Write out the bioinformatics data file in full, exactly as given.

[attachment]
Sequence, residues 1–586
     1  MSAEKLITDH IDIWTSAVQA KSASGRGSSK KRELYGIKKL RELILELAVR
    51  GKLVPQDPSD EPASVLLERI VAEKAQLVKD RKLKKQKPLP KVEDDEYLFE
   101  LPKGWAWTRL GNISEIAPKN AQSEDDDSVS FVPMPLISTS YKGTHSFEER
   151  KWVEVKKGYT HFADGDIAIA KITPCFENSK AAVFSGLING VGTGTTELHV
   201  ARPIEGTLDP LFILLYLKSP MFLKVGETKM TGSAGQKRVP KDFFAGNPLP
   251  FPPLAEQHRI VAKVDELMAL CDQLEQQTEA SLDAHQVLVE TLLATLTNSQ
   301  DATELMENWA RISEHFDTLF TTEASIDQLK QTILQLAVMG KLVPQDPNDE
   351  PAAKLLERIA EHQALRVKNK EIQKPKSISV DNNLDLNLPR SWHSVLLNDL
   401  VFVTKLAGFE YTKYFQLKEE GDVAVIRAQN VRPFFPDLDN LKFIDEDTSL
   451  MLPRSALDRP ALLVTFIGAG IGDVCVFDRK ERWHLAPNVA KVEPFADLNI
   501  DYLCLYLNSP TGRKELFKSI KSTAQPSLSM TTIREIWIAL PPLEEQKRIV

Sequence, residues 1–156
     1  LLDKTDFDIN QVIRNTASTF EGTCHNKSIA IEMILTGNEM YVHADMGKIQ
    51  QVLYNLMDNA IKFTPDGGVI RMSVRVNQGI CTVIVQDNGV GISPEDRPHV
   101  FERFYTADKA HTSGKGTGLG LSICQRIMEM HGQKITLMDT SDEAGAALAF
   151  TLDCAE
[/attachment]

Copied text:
Sequence, residues 1–586
     1  MSAEKLITDH IDIWTSAVQA KSASGRGSSK KRELYGIKKL RELILELAVR
    51  GKLVPQDPSD EPASVLLERI VAEKAQLVKD RKLKKQKPLP KVEDDEYLFE
   101  LPKGWAWTRL GNISEIAPKN AQSEDDDSVS FVPMPLISTS YKGTHSFEER
   151  KWVEVKKGYT HFADGDIAIA KITPCFENSK AAVFSGLING VGTGTTELHV
   201  ARPIEGTLDP LFILLYLKSP MFLKVGETKM TGSAGQKRVP KDFFAGNPLP
   251  FPPLAEQHRI VAKVDELMAL CDQLEQQTEA SLDAHQVLVE TLLATLTNSQ
   301  DATELMENWA RISEHFDTLF TTEASIDQLK QTILQLAVMG KLVPQDPNDE
   351  PAAKLLERIA EHQALRVKNK EIQKPKSISV DNNLDLNLPR SWHSVLLNDL
   401  VFVTKLAGFE YTKYFQLKEE GDVAVIRAQN VRPFFPDLDN LKFIDEDTSL
   451  MLPRSALDRP ALLVTFIGAG IGDVCVFDRK ERWHLAPNVA KVEPFADLNI
   501  DYLCLYLNSP TGRKELFKSI KSTAQPSLSM TTIREIWIAL PPLEEQKRIV

Sequence, residues 1–156
     1  LLDKTDFDIN QVIRNTASTF EGTCHNKSIA IEMILTGNEM YVHADMGKIQ
    51  QVLYNLMDNA IKFTPDGGVI RMSVRVNQGI CTVIVQDNGV GISPEDRPHV
   101  FERFYTADKA HTSGKGTGLG LSICQRIMEM HGQKITLMDT SDEAGAALAF
   151  TLDCAE